This isn’t easy, but it’s essential. People who are dismissive of your dreams, and put you down, won’t help you to believe in yourself. To believe in your ability to achieve your goals, and make your dreams a reality.
Find sources of inspiration, such as books and specific You Tube channels, and the people you can surround yourself with who do help you to stay focused, and to keep believing.
And double down on the affirmations, because those will also help to drown out the voices of those who tell you that you can’t be successful.
Don’t compare yourself to others.
Be inspired by people you admire and respect, and learn from those individuals.
But never forget that you have something unique and valuable to offer: something that only you have to give. Do you, and don’t negatively compare yourself with anyone else.
In the end, it’s a case of knowing in your heart that you do matter, and your dreams do matter.
Keep moving forward, no matter how slow progress might be at times. Pause when you need to, but don’t stop.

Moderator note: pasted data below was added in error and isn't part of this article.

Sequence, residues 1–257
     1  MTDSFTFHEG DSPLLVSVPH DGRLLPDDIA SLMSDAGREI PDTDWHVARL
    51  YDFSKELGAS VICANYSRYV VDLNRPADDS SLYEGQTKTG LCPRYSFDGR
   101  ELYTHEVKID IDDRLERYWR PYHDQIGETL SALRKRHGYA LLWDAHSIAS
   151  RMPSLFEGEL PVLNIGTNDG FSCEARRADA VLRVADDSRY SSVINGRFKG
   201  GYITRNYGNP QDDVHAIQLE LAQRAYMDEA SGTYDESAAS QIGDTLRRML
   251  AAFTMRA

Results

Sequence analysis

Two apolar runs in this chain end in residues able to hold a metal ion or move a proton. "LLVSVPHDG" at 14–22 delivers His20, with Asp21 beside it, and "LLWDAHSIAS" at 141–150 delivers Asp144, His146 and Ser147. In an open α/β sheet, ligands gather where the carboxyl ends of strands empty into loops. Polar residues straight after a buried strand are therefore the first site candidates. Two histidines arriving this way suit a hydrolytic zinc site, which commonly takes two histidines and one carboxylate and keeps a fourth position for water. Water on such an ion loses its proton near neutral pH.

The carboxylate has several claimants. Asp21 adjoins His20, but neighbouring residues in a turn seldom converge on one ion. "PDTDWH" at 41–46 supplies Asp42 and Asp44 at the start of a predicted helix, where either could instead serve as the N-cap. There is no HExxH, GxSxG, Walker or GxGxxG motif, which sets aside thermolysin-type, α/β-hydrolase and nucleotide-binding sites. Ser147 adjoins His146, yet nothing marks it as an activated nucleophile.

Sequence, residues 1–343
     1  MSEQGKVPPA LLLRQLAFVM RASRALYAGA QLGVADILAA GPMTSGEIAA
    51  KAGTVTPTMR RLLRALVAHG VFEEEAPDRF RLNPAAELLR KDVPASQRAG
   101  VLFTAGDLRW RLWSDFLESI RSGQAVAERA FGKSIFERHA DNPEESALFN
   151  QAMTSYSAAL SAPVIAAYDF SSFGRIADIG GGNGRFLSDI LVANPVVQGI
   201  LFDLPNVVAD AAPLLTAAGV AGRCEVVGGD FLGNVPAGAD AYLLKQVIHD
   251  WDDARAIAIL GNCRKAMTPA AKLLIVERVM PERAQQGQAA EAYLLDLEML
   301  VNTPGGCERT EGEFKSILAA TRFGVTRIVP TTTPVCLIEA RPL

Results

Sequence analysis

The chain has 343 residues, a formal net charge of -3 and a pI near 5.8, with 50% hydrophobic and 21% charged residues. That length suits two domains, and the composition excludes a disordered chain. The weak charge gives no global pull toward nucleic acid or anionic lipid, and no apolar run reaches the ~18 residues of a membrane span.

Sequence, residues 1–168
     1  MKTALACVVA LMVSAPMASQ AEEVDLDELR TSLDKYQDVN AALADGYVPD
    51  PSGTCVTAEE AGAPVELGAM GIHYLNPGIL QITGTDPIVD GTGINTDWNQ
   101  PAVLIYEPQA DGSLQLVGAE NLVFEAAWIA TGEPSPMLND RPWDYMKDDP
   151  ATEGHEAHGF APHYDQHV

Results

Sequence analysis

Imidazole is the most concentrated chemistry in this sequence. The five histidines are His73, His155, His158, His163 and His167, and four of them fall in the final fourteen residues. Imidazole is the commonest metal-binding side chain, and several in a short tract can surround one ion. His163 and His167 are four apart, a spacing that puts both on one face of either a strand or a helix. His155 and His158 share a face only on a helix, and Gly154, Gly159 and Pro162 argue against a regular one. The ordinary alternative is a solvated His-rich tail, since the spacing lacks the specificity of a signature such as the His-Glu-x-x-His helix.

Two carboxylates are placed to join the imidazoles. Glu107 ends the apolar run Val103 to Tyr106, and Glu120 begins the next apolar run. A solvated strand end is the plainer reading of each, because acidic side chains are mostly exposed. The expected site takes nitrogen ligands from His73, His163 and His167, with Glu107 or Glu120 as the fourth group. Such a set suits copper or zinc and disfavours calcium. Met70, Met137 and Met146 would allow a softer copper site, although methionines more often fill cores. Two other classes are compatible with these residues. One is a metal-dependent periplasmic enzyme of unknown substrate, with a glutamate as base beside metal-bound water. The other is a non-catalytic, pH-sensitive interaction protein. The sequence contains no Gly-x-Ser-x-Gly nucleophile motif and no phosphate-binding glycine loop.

Believe in you. Keep believing. Do anything you can to remain inspired and motivated. Believe in yourself and your wildest dreams.
Write that novel, that series of novels, your poetry, or short stories. Take photos, or create awesome paintings. Whatever it is for you. Believe and act, and live life to the best of your ability, in your own incredible way.
If you’re searching for inspirational writing quotes, I’ve created a blog post, which includes a selection of my personal favourites, complete with graphics. Definitely take a look, and I would encourage you to save any quotes that particularly resonate to your Pinterest boards – if, like myself, you’re a fan of Pinterest.